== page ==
Updated: Jan 31, 2021
At least that’s what Kathleen Dunlap, CEO of Girls Who Invest, urged me to be today after I toured Urban Outfitters HQ in Philadelphia with 29 other girls; leading a faux analyst meeting with Oona, the Director of Investor Relations; talking with Wellington Management portfolio managers and analysts at their Radnor Office; and soaking in all the knowledge and incredible inspiration these professionals had to offer us as part of GWI, a two-year-old program whose mission is to have 30% of the world’s investable capital managed by women by 2030. The founder, Seema R. Hingorani, is—in her own words—a “gently persistent,” “doesn’t take no for an answer” woman who walks with a cane but with a conviction so grounded in calm confidence that her cane is more like a success-battered crown and her slow gait a powerful statement overflowing with nonlinear life experiences. She has the kind of conviction that gives you a sense of purpose too. The kind of confidence that makes you feel good about the world but also pushes you to want to make it better.
And that’s what Girls Who Invest is all about. That’s who I am this summer, and potentially, who I will be for years to come. This program is about providing women like me with the resources and the support to “change Wall Street culture. To “make an impact, every day, in every industry because every problem in the world needs money to help solve it.”
But before I can do that, I must be a sponge. A sponge that soaks everything up: every comment made by the professors, speakers, and the 59 other girls who were accepted into the program; every controversial statement; every lesson on buyside/sellside, security evaluation, net present value, discounted cash flow, annuity and perpetuity, and all the other jargon that will hopefully no longer be jargon by the time I head to The Carlyle Group later this summer for my private equity internship in the healthcare sector. (Yes, that was an impossibly long and wordy sentence—one that would probably horrify my favorite English teachers—and I purposely made it so because it perfectly encapsulates my anxiety, confusion, excitement, and cluelessness as to what, exactly, I’m getting myself into. Hopefully I’ll find out by the end of the summer.)
But before a sponge can soak everything up, it must first squeeze out whatever was housed in its shell before.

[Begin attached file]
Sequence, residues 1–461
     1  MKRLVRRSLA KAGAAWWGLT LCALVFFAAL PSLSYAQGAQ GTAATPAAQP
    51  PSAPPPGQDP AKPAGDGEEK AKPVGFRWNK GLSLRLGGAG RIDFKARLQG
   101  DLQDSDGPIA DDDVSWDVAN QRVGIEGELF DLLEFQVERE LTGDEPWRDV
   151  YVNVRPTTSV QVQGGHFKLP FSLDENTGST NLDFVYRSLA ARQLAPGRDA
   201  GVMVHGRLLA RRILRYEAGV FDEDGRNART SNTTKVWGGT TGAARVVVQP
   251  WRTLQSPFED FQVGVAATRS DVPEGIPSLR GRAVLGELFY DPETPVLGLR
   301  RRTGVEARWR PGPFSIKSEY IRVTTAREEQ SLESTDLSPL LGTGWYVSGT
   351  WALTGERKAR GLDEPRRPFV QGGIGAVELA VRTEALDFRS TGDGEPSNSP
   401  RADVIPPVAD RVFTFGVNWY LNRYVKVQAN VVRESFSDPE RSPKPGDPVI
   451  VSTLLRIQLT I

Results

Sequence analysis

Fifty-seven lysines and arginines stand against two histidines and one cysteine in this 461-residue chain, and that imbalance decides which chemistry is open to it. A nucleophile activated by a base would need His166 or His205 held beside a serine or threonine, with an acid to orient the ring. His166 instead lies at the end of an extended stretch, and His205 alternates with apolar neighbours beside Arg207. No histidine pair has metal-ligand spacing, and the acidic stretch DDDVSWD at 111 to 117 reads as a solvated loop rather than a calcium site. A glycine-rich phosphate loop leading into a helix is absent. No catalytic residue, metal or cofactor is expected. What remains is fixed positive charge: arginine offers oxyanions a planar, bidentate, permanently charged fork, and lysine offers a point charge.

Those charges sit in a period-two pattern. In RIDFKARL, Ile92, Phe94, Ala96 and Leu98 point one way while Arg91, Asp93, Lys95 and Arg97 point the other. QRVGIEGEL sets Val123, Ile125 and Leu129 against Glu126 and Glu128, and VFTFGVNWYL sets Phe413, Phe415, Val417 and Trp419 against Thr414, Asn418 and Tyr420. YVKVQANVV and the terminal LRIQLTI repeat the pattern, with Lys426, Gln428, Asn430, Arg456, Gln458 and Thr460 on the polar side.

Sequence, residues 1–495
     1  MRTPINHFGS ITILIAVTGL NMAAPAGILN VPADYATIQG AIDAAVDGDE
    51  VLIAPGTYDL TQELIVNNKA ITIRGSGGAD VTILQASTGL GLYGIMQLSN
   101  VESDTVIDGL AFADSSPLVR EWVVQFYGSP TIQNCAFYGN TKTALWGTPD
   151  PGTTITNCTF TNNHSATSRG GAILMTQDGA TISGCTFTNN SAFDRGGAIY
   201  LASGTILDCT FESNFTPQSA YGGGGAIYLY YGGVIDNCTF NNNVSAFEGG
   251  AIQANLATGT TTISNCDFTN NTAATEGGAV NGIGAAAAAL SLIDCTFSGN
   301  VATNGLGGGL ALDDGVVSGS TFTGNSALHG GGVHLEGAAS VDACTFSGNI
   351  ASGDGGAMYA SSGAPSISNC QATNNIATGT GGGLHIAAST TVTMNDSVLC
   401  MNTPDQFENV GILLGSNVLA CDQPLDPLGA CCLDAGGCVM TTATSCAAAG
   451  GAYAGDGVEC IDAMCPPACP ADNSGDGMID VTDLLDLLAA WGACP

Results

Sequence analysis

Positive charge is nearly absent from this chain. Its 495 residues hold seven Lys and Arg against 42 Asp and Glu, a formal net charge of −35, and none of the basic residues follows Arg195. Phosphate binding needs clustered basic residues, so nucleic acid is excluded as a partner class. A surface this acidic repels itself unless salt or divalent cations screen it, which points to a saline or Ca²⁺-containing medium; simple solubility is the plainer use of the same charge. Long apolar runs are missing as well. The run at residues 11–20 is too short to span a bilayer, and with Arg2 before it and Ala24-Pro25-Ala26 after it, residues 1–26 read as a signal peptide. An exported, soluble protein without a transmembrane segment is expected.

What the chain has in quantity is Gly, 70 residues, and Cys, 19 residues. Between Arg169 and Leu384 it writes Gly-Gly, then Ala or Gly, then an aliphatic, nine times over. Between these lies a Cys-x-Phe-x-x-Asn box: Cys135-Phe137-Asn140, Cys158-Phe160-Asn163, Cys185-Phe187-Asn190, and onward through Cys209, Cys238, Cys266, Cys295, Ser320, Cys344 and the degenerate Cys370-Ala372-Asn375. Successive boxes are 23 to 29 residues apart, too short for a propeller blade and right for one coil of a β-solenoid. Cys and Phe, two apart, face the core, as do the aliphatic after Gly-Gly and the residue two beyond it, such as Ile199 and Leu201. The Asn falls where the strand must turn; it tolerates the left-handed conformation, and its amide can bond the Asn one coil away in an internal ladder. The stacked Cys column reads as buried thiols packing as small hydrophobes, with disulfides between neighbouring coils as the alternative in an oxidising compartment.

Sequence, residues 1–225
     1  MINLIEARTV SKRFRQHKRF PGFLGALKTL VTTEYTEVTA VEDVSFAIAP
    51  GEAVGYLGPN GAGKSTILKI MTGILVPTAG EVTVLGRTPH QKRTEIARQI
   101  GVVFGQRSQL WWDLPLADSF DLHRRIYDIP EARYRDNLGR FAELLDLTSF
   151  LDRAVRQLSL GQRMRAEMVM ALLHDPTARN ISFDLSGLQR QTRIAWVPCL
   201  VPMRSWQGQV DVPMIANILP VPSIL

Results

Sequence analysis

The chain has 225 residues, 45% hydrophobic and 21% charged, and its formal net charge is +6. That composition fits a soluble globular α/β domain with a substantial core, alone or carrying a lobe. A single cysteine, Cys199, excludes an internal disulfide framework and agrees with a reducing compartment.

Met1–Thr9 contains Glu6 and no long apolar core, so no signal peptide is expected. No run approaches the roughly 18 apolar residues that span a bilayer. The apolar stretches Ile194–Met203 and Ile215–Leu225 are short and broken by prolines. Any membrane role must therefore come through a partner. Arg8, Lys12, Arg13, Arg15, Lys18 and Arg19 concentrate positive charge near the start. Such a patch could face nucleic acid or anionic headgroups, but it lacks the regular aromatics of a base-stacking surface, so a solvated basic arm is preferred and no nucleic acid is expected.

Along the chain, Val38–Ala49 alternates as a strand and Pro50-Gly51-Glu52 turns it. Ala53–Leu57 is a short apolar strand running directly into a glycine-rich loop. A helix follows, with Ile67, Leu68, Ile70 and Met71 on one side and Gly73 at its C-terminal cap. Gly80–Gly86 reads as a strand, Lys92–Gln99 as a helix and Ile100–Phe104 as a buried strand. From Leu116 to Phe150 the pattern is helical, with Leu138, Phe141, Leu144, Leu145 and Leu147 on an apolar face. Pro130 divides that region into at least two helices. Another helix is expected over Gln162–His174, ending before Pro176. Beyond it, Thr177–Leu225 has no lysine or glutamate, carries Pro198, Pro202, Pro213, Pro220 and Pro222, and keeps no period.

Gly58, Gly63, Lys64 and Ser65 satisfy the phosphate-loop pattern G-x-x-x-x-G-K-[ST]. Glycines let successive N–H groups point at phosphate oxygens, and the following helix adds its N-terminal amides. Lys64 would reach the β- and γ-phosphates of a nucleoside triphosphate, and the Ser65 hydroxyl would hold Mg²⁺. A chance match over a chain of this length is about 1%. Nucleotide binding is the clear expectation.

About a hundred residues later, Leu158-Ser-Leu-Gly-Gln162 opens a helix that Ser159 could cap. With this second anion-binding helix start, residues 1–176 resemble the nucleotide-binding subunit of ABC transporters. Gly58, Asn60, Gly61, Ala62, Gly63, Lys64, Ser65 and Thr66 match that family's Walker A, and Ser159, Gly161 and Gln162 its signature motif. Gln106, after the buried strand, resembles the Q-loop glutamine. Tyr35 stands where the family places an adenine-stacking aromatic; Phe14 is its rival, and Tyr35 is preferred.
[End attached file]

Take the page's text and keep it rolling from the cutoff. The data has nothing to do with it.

And that includes all of the experiences I’ve had within the past six months that I tell myself I have been too busy to write about on this public blog. (I often want to sound “perfect” to an audience in published posts, but this desire is honestly hypocritical—and simply impossible—to achieve as someone who writes to explore her own life, reflecting and criticizing and praising parts of her journey only to end up with more questions than answers. And that’s the point, right? To always have something to chase after, to discover again and again.)
But it is time to squeeze everything out, quickly, smoothly, “gently persistent”ly.
My nod to the cascade of events and the coterie of people who have mixed my half-filled (somewhat)bitter(butmostly)sweet cocktail of 2017. My glass raise to the memories that have made the past few months fly by too quickly, turning the impossibly long present into paper-thin presents of the past. My highlight of the days that danced with personal discovery, turning my daily journal into a daily high.
So here it is: a laundry list of things I still want to write about for my blog—for me— hopefully soon. So I can continue soaking things up like a sponge until the next fresh squeeze.
my second semester at NYU
Teach for America
living in NYC (Lion King for $4, sushi for $40?)
Woadze Tsatoe reflection post (an extension of my previous blog posts about this transformative course and experience with Stern International Volunteers)
studying abroad in Prague next fall (!!)
co-editing The Call (2018)
friends who have kept me sane and alive and me
food Exceling (excelling in Excel??)
hip hop with my Synchronic family
missing my old dance family
Elaine’s college graduation (!!!!!)
spending time with my parents; realizing that I’ll have less and less time
Girls Who Invest (after the program ends)
my family history, We Gon’ Be Alright by Jeff Chang, race relations between blacks and Asians, and Asian in-betweenness as told through the voices of my parents
poetry, just because I miss it
eating animals (Note to Self: Why do I talk about food so much…I should really just be a food studies minor and live and eat happily ever after.)
anything else I’ve forgotten in this blog post, aka what I want to do with my time, all the time